AUGUSTA — Savings in heating costs and new jobs that are expected to result from natural gas now flowing into Kennebec Valley homes and businesses should also get millions in disposable income moving in the region, a gas company official told a crowd of mostly businesspeople Wednesday.

Michael Duguay, business development director for Summit Natural Gas of Maine, told attendees of a Kennebec Valley Chamber of Commerce Business Insider Breakfast the company plans to bring gas to 15,000 homes in the coming years. Duguay said those homeowners could save up to $1,500 a year in their heating costs by switching from oil to natural gas, which is cheaper. If each of those homeowners saves that $1,500 figure, it’d save them a combined $22.5 million annually. And some of that money is bound to end up being spent elsewhere in the Kennebec Valley, Duguay told the gathering of local businesspeople.

“If every customer saves $1,500 a year, it will create an economic engine of $22.5 million in our community, to be spent elsewhere,” Duguay said noting, in his former job as the city of Augusta’s development director, $22.5 million being injected into the region without a major contribution from municipalities would be considered “a home run. It means people can spend money on what they want to, not just what they have to.”

Not figured in to those annual savings is the cost of converting to natural gas from oil or other fuels, which can cost from $3,000 to $12,000, depending on how much equipment needs to be replaced.

Duguay said Summit initially thought the project would create about 450 temporary construction jobs but over the summer the company and its contractors employed nearly 700 workers.

Part of that was likely because installing pipeline in the region has been more difficult and labor and time-intensive than the firm first thought.

Duguay, referencing the difficulty of installing natural gas pipe in the region, joked that Mike Minkos, president of Summit Natural Gas of Maine, likes to say “Maine is a beautiful place above ground. It’s somewhat tough from the ground down.”

Schmid Pipeline Construction Inc., a Wisconsin contractor hired by Summit to manage construction of the pipeline’s 68 mile steel backbone, said in a lawsuit filed against Summit in December of last year it had to increase the number of workers and their hours on the job. Schmid’s $72 million lawsuit, filed after it walked off the job in November, claims Summit breached its contract and underestimated the scope of work.

Summit officials said after the chamber presentation that the dispute with Schmid and the fact more workers were hired for the project than the 450 first estimated were not related.

The arrival of natural gas in the area, both from Summit and competitor Maine Natural Gas, is also expected to lead to a major increase in work for local heating, ventilation and air conditioning contractors who convert residential and commercial heating systems to gas from other fuel sources.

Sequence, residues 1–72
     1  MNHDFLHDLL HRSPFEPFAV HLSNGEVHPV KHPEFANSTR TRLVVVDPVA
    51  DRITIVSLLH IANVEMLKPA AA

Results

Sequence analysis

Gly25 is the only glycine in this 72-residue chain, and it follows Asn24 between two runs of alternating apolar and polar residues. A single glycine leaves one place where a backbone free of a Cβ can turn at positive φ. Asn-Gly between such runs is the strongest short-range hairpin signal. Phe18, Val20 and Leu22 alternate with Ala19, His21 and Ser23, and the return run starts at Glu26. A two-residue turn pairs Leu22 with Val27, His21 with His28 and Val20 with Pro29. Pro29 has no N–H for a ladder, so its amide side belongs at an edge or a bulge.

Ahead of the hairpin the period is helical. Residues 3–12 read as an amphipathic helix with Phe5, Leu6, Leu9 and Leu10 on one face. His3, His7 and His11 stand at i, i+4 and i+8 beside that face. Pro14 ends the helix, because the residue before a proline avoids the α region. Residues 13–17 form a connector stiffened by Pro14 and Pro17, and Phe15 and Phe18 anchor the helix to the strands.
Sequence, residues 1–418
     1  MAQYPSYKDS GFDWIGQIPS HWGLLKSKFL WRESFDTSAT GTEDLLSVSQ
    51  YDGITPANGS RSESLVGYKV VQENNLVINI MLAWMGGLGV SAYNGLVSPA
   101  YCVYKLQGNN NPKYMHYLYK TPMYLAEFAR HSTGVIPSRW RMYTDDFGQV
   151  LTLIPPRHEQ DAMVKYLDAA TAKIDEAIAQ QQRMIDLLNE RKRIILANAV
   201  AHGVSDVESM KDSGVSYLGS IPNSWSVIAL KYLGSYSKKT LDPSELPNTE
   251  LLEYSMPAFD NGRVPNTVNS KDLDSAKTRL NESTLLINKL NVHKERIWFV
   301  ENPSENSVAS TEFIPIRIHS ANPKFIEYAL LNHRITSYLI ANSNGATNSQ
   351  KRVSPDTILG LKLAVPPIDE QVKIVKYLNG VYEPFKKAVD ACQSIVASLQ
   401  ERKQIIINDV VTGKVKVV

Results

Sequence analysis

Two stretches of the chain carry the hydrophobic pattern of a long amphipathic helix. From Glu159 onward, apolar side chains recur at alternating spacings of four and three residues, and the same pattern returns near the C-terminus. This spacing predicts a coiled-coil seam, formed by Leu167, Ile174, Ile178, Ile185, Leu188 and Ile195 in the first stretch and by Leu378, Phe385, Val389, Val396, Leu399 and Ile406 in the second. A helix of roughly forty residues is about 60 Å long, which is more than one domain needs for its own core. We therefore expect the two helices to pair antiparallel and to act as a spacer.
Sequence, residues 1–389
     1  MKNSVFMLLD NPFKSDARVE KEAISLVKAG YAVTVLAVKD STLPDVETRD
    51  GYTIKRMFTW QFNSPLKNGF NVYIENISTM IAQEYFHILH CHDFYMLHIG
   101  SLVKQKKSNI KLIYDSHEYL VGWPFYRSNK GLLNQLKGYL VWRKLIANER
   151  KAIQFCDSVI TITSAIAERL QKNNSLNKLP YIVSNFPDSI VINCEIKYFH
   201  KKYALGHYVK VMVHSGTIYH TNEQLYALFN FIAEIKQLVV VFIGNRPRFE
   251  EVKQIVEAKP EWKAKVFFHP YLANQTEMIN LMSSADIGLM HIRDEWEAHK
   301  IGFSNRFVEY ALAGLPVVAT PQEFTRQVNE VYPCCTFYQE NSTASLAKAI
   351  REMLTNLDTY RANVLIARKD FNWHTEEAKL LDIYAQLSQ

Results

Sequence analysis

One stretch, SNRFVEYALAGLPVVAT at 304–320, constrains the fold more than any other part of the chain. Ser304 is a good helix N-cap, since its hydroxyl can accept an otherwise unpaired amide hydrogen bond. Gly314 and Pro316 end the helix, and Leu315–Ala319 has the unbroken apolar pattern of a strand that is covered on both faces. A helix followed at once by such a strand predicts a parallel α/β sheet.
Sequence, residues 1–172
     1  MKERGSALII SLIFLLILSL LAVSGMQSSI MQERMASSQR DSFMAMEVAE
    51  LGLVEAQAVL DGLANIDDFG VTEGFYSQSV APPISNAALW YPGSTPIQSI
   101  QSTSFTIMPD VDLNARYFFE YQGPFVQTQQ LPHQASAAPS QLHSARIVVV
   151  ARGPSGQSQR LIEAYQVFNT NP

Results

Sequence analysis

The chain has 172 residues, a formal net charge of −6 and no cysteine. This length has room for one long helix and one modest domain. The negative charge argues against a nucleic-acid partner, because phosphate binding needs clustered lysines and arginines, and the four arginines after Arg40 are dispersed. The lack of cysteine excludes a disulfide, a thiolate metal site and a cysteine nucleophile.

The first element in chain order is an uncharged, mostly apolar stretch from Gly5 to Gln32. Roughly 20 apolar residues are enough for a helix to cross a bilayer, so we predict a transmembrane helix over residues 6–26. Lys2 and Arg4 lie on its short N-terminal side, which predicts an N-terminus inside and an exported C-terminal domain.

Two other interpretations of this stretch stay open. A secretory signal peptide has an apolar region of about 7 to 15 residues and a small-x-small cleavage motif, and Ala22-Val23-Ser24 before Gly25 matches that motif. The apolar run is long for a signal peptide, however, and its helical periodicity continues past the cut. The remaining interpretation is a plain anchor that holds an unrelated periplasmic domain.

Duguay said Summit’s multi-year project installing gas lines throughout the Kennebec Valley between Pittston and Madison will total $350 million when it is complete, but that doesn’t include the money to be earned by contractors converting heating systems in homes and businesses to burn gas.

He said that could be another $75 million to $100 million.

“The opportunities for plumbing and heating contractors will probably be the equivalent to the switch, years ago, from coal to oil,” Duguay said. “We’re talking, essentially, about a heating revolution that is right here on our doorstep.”

Summit and Maine Natural Gas both currently draw the gas for their pipelines from a Martimes and Northeast pipeline which brings gas from the Sable Island gas fields off Nova Scotia.

However Duguay said eventually natural gas may come to Maine not from the north, but from the Marcellus Shale formation in Pennsylvania, Ohio, West Virginia and New York.

Duguay said the development of that abundant source has driven down natural gas prices in recent years, which previously more closely mirrored oil prices.

The Marcellus Shale gas is extracted through the process of fracking — hydraulic fracturing of rock to get to the gas — which is controversial because of environmental concerns.

Duguay said Summit’s business model has always been to bring gas service to more rural areas other gas firms have neglected as they focused on urban areas. That, he said, made Maine attractive to Colorado-based Summit Utilities. He said when the Maine system is fully built, it will be the biggest division of Summit Utilities.

Mark Johnston, president and chief executive officer of Kennebec Savings Bank, asked if Summit and Maine Natural Gas could share at least some of their distribution system, to avoid having pipelines from both companies running along some of the same streets.

“This summer we had Summit and Maine Natural Gas working on both sides of the street in some cases, and both making that investment in infrastructure,” Johnston said. “Which seemed crazy to me.”

Duguay said Maine’s natural gas rules allow two or more competing natural gas companies to serve the same area, and it can be difficult for companies to reach agreement on sharing costs or infrastructure.

The major sponsors of the chamber’s Business Insider Breakfast series are Kennebec Savings Bank and Central Maine Power.

CMP is owned by Iberdrola USA, which also owns Summit competitor Maine Natural Gas.

Peter Thompson, president and CEO of the chamber, said Peter Bottomley, sales and marketing manager for Brunswick-based Maine Natural Gas, will be the guest speaker for the February breakfast meeting.

Keith Edwards — 621-5647 [email protected]